Forgot to say welcome. That was a well laid out post. Just add the diagram to the OP next time. Pictures and diagrams are worth 1000 words.

Remember - More details = better answers
Also: If you get a response it's polite to respond to it.

RE: Determine pressure drop of RO in minimum recirculation line

(OP)
Thank you for the replies. the use of an ARV is probably too late as we're in a late project phase but I'll definitely address it. Based on your replies, I think the best way for now is too use the pressure drop of a dirty filterelement (an alarm is generated at a certain filter pressure drop so I can use this value) to calculate the pressure drop needed by the RO. The flow through the RO will be greater initially but this is less of an issue than dead-heading the pump.

RE: Determine pressure drop of RO in minimum recirculation line

Is this a dirty operation which is designed with four filters?
IMHO, at the first opportunity as the system is in service, the RO bypass line can be relocated close to the pump discharge, i.e. the upstream of the heat exchanger. So, it can safely protect the pump.

RE: Determine pressure drop of RO in minimum recirculation line

(OP)
@mk3223: The operation is not dirty, the fluid is water in which any type of contamination is not allowed. I totally agree that upstream of the heat exchanger is a better location but the intention of the design is to have some kind of recirculation through the whole system instead of just downstream of pump discharge.

RE: Determine pressure drop of RO in minimum recirculation line

I'm curious as to why you show an actuated valve around the RO? Why?

Can you add an actuated valve on the RO line and open & close it based on flow?

Remember - More details = better answers
Also: If you get a response it's polite to respond to it.

RE: Determine pressure drop of RO in minimum recirculation line

(OP)
@LittleInch: I made a mistake here, thanks for mentioning it. The actuator shouldn't be there as it is just a manual globe valve to bypass the RO.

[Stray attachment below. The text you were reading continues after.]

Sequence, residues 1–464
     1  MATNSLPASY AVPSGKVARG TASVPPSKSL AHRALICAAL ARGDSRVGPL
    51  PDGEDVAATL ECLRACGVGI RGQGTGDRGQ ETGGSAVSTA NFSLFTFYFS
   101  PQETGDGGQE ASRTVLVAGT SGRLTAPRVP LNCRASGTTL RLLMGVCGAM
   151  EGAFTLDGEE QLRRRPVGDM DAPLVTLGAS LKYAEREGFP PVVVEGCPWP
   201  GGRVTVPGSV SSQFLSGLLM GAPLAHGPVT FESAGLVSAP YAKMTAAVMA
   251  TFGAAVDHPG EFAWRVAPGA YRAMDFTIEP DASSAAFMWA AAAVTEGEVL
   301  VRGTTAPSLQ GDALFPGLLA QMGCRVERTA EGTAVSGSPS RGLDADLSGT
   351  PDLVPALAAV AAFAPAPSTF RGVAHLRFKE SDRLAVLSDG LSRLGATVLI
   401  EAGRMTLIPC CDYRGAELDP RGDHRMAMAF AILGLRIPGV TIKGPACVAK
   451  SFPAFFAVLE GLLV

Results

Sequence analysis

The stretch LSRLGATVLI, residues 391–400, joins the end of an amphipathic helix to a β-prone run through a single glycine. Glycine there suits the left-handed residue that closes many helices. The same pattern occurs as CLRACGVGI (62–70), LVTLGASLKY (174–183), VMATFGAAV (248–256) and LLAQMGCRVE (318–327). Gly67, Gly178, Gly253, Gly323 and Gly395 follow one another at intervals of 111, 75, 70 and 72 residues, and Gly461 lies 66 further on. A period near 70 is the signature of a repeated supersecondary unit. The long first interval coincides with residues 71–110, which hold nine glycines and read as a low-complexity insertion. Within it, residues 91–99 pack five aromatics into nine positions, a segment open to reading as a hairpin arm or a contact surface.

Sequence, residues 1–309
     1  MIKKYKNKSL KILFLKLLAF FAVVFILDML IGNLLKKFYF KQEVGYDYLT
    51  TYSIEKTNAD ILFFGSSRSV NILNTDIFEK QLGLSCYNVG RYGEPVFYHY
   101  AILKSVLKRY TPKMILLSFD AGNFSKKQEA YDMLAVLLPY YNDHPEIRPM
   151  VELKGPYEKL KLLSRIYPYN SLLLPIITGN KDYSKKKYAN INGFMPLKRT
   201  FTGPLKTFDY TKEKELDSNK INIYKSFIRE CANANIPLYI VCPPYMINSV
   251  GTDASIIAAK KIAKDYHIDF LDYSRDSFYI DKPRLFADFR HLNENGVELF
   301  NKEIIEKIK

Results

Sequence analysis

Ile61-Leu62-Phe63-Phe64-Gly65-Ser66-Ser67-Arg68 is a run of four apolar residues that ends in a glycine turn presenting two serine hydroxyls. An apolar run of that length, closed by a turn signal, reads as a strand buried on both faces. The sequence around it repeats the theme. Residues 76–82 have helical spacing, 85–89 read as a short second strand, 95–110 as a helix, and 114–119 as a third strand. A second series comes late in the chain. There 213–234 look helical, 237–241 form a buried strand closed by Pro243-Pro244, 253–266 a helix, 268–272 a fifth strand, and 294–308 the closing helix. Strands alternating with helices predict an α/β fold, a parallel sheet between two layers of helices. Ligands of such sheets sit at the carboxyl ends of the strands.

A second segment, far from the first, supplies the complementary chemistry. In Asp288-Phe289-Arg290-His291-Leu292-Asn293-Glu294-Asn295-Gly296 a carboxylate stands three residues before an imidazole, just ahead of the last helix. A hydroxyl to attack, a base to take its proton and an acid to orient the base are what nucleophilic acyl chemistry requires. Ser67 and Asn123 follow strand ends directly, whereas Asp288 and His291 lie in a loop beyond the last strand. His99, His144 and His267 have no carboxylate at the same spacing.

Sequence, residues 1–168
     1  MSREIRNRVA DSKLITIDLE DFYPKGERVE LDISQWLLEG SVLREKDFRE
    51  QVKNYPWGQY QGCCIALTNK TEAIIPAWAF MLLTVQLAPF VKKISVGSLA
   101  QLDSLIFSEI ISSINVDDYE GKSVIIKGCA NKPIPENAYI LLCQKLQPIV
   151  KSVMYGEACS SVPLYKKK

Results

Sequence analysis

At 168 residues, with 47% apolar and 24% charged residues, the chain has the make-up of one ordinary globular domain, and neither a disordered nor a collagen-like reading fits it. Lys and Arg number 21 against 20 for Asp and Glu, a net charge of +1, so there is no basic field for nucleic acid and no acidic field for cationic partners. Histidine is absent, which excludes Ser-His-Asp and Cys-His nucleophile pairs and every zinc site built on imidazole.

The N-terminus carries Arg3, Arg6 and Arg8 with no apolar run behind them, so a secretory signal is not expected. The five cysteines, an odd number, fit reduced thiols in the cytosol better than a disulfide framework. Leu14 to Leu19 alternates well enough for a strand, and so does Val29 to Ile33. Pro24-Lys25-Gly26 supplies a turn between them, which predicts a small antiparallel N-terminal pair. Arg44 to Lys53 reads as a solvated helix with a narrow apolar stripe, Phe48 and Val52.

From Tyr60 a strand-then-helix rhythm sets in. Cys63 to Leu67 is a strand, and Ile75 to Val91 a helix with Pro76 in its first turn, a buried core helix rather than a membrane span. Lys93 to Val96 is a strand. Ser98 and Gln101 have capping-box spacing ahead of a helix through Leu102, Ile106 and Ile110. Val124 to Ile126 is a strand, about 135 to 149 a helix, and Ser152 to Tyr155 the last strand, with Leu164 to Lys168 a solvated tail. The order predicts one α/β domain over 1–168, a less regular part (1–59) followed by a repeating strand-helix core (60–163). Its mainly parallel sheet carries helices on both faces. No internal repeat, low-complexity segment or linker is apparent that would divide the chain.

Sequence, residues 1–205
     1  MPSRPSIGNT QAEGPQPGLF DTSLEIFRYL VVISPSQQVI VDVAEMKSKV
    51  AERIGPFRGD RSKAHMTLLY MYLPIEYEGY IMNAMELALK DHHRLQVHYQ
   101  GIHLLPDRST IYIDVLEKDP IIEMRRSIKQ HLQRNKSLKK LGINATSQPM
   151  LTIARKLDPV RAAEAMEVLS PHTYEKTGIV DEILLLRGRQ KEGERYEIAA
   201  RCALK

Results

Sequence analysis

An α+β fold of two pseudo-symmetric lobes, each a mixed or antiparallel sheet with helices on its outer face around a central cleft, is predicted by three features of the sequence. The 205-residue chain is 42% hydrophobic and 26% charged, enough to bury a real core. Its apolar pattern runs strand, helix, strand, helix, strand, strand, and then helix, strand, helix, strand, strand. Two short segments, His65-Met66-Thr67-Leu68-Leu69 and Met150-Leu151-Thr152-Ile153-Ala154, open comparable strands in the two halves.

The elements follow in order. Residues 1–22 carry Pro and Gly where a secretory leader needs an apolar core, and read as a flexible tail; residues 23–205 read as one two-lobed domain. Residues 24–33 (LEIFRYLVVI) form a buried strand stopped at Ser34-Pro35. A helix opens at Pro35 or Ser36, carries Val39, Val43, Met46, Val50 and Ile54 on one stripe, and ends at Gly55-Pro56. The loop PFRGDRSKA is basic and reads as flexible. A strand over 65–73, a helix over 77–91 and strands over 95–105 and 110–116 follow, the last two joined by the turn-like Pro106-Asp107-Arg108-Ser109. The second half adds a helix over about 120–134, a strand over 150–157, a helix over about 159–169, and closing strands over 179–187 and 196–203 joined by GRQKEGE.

RE: Determine pressure drop of RO in minimum recirculation line

The system can work safely once the operation procedure and training are provided properly.
But, the pump could be vulnerable if the flow is blocked in the heat exchanger or filters. The long circulation piping route can protect the pump in expense of the energy and extra piping material.

RE: Determine pressure drop of RO in minimum recirculation line

An RO will work in this application only when the Q-h curve for this pump at around the 16gpm mark is reasonably sloped. If it looks flat (or it is more or less flat), the RO wont work.

RE: Determine pressure drop of RO in minimum recirculation line

I thought it would be the other way around? The RO is sized for a pressure drop and a flow. So long as the pressure drop stays fixed so will the flow?

As the pressure reduces as you increase flow and pressure drop in the HX and the filters increase and the pump head falls then the flow through the RO will reduce a bit but that's no bad thing.

Remember - More details = better answers
Also: If you get a response it's polite to respond to it.

RE: Determine pressure drop of RO in minimum recirculation line

(OP)
@georgeverghese: Can you explain this in more detail please? Te Q-h curve for this pump is indeed more or less flat around 16 gpm but this minimum flow was given by the vendor so normally the RO should work if the system pressure drop is fixed (I follow LittleInch here).

RE: Determine pressure drop of RO in minimum recirculation line

Oops, got this muddled up with power savings considerations. Yes, the RO would still work even if the curve is flat at around 16gpm, it is that you'd be expending more driver power when flow is in excess of 16gpm (in comparison to a min FIC - FCV control loop).

RE: Determine pressure drop of RO in minimum recirculation line

The problem I see with your diagram is that the exchanger in the line will either heat up the inlet tank or cool it, not sure the duty direction. Unless the fluid is terribly full of junk to be filtered, put the min flow RO just around the pump(s).